Rectory office is CLOSED Monday, July 6th in Observance of Independence Day
Rectory Summer Office Hours - 8:30 AM - 2:00 PM
Diocese Issues Guidelines for Parishes Reopening - Click here.
Update from Diocese of Buffalo June 2, 2020 - Click here.
Church Envelopes - Hello Parishioners! In our ongoing issue with our envelopes, it appears that many of you have received envelopes when you have chosen to contribute a different way. While we work to resolve this issue, we ask that if you do not normally contribute by envelope, that you leave a message with the rectory office. We also ask you to accept our apologies & be patient during this time. THANK YOU!
Chiavetta's Chicken BBQ Event- Multiple dates!. More info click here.
Welcome, and thank you for visiting St. Andrew's Parish online. We hope that our website highlights the wide variety of worship, fellowship and community participation opportunities available to you and your family. Please feel free to read more about our church on this site, or come in for a visit. We would love to greet you and share with you our love for Jesus Christ and for you, our neighbor.
Our Lady of Fatima home visitation program. We are excited to share with you a new initiative to bring Our Lady of Fatima into your home! More info here.
Fr. Matt's Message This Week
With the Reformation, some early Protestants,
including the “Anabaptists,” rejected infant baptism in
favor of “believer’s baptism.” Against Orthodox and
Catholic practice, which favored baptism as soon as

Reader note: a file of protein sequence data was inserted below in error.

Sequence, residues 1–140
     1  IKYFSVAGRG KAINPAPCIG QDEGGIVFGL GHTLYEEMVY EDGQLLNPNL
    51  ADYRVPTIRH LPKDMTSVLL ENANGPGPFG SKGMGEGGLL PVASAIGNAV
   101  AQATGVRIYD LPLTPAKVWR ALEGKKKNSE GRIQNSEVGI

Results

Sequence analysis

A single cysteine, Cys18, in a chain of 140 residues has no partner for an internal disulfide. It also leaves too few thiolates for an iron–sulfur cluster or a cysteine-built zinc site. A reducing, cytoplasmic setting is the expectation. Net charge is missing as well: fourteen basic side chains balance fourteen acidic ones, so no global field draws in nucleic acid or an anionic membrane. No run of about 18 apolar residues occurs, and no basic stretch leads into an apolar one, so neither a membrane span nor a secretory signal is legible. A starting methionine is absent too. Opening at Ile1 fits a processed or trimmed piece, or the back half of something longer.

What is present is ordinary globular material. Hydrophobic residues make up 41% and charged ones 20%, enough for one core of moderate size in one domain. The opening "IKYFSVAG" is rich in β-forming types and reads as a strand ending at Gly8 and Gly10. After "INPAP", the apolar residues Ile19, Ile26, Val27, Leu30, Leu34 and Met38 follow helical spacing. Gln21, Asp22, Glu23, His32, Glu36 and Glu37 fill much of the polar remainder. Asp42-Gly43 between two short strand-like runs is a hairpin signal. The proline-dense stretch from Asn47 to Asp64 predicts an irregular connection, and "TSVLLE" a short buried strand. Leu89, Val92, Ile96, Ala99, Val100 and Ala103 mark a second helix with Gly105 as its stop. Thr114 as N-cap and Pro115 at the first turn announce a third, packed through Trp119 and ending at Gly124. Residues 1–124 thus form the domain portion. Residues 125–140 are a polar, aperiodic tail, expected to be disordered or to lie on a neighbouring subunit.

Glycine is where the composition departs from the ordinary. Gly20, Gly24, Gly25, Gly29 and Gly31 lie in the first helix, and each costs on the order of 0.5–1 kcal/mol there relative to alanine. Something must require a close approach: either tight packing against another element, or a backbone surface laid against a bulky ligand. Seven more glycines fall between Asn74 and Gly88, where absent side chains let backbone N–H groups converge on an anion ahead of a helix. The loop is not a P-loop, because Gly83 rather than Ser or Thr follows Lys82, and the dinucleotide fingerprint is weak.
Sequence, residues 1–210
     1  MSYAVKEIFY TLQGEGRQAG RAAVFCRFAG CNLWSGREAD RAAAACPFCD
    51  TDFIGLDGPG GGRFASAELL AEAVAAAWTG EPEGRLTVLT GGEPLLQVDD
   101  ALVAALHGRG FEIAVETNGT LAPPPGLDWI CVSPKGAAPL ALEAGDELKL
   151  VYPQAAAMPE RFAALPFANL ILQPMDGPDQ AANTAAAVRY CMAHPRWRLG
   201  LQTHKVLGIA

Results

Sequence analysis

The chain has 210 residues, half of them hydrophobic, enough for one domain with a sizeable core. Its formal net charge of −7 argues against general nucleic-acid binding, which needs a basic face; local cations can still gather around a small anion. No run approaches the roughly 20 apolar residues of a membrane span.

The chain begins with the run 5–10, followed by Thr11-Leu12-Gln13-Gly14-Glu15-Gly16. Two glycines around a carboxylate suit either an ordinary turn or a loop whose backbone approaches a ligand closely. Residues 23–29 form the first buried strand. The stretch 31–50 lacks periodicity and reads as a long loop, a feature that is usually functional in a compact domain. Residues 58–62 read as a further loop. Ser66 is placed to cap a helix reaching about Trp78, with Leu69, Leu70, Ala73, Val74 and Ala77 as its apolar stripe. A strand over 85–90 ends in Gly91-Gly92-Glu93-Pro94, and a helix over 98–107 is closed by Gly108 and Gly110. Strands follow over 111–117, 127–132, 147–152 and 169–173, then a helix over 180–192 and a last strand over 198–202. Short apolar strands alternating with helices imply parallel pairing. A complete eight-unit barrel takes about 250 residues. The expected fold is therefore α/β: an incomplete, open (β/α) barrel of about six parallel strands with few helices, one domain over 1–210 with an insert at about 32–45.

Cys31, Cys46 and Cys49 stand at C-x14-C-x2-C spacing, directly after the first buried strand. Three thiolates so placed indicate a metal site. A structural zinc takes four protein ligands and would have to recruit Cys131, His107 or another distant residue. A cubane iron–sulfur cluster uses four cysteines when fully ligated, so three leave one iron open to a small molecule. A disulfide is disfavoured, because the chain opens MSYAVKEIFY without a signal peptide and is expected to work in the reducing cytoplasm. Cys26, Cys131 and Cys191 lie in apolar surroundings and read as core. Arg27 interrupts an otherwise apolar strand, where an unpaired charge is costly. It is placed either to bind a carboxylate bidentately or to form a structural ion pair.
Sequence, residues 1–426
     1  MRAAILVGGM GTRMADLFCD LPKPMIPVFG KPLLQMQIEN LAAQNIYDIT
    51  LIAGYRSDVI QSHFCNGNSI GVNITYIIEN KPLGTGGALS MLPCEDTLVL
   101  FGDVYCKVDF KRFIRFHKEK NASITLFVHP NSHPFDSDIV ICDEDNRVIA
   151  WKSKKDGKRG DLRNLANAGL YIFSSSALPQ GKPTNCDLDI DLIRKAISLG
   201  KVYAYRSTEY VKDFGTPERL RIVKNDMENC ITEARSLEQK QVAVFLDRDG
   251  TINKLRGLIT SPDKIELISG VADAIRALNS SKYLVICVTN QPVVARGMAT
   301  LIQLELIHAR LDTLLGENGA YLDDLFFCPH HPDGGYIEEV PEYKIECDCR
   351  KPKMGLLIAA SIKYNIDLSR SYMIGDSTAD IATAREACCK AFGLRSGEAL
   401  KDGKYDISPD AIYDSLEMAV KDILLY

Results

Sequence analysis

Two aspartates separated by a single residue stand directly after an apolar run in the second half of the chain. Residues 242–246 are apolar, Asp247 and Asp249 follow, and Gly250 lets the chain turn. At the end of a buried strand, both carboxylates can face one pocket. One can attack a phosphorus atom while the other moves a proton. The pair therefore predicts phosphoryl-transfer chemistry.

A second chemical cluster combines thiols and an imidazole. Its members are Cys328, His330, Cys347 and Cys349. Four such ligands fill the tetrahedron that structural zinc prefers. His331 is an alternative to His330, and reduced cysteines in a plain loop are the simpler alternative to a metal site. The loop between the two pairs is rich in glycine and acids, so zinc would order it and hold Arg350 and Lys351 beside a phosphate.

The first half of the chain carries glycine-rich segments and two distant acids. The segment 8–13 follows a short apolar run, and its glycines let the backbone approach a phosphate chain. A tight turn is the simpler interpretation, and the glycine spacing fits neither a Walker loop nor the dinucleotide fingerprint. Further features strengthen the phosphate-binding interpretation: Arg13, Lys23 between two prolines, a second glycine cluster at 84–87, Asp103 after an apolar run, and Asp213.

possible for a newborn, these movements desired that the candidate for baptism speak for him- or herself at a mature age, not through godparents as an infant. Today,it is clear that they were rejecting a very ancient practice (even as early as the second century) of baptizing children of all ages. Children came first in ancient baptismal ceremonies, and someone would speak for them. Gregory of Nazianzen wanted to delay the baptism of children to three years of age, since at that age they could retain at least some impression of the liturgy. He made an exception for the very ill, who were to be baptized ahead of the annual Easter baptism. That means that infants and children were normally baptized together with adults, and that everyone received confirmation and the Eucharist. The tone of the early bishops’ writings is generous and compassionate, and seeks to build up the eucharistic assembly by widely celebrating the gift of the Holy Spirit. If a priest celebrated baptism, then the gift of the Spirit was postponed for the bishop, but with no regard for the person’s age. So, until the fifth century, confirmation was for infants, too.